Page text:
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Cutting Carbon by 20% for Free? A case study in the cement industry

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If you have a question about this talk, please contact Paulina Rowicka.

The cement industry is responsible for between 5% to 8% of man-made greenhouse gas emissions. This is a result of the high energy intensity of the process, significant CO2 release from the raw materials used, and large global consumption. It is also a high growth sector as developing countries build a modern infrastructure.

My research so far has concentrated on the day-to-day performance variation of an individual cement plant. This operational variation is not included in current roadmaps for reduction of cement industry CO2 emissions, but has the advantage of being cost neutral, or even saving money for cement producing companies. Scaled to the global level, the variation observed at this plant represents a potential for improvement of up to 100MTCO2e per year – the equivalent of taking 21 million cars off the road.

Two mathematical models were used, first to examine the energy balance of the plant and then to predict CO2 emissions from given input conditions. The largest source of energy consumption was the dissociation energy required to form clinker, however, its variation was small. Airflow and fuel type were found to dominate the variation of performance. Optimising the factors affecting performance was predicted to reduce energy consumption by 8.5% and CO2 emissions by 19.5% – results similar to levels observed on the factory’s best-performing days.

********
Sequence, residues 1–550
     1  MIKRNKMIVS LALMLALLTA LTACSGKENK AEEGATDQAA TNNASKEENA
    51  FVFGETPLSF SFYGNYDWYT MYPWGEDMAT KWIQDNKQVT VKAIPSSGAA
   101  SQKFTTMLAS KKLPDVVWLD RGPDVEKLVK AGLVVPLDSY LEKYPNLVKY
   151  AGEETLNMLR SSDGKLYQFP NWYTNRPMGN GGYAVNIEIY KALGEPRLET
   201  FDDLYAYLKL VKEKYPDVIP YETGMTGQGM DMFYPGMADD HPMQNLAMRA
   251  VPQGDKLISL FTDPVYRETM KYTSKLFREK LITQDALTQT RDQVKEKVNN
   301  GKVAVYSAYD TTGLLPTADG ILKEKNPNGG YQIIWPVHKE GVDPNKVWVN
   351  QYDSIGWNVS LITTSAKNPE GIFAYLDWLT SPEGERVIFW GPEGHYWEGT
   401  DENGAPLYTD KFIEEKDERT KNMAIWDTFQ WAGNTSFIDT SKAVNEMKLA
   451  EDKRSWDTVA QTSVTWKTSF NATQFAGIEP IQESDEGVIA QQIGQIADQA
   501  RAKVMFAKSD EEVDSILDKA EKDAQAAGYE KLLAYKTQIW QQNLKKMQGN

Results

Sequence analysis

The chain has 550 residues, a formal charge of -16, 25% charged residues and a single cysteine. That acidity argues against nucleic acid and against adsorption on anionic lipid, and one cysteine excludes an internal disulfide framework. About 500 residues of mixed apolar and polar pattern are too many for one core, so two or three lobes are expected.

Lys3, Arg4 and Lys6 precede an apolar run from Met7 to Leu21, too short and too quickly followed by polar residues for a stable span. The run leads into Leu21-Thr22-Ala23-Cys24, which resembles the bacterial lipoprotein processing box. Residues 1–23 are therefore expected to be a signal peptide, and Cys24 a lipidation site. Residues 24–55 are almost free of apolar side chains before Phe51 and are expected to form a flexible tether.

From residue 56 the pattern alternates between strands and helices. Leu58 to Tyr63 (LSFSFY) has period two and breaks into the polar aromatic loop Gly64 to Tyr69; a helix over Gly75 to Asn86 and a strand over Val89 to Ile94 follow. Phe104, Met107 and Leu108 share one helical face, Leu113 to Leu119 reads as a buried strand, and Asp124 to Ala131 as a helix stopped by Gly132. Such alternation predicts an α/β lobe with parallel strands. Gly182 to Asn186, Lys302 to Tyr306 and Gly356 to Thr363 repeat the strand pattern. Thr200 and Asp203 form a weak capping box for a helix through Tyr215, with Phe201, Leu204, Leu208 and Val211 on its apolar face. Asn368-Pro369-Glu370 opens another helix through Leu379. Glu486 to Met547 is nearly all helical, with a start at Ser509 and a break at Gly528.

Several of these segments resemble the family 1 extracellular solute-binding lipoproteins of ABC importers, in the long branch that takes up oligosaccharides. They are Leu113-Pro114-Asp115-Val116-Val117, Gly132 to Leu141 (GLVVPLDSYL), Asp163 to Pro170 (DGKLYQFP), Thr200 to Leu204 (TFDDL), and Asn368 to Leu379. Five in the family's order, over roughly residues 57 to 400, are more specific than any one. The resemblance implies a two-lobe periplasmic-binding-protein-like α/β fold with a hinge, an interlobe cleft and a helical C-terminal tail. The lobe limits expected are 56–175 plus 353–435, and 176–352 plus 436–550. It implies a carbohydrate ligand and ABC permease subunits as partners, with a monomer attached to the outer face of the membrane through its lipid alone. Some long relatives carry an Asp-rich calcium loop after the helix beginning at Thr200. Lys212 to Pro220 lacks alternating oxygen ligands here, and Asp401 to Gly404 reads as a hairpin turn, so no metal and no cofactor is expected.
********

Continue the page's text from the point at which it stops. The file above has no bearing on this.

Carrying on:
The next steps of the research will involve investigating other factories to assess the applicability of the result more broadly, and finding ways to work with industry to implement some of the research findings.

This talk is part of the Caius MCR/SCR research talks series.

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